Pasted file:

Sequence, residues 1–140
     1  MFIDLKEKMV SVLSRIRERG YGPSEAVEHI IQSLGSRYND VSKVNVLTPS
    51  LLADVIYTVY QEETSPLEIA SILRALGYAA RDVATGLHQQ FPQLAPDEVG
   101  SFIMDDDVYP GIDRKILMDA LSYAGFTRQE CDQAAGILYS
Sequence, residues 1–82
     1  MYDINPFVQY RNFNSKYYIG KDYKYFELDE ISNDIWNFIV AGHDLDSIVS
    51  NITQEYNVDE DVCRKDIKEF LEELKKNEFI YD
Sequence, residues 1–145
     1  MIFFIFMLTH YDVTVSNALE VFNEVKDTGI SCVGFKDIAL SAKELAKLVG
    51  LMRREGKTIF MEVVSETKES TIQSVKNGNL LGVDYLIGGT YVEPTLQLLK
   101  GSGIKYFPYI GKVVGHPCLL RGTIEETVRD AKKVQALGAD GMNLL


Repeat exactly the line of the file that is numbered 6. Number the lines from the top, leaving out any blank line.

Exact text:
     1  MYDINPFVQY RNFNSKYYIG KDYKYFELDE ISNDIWNFIV AGHDLDSIVS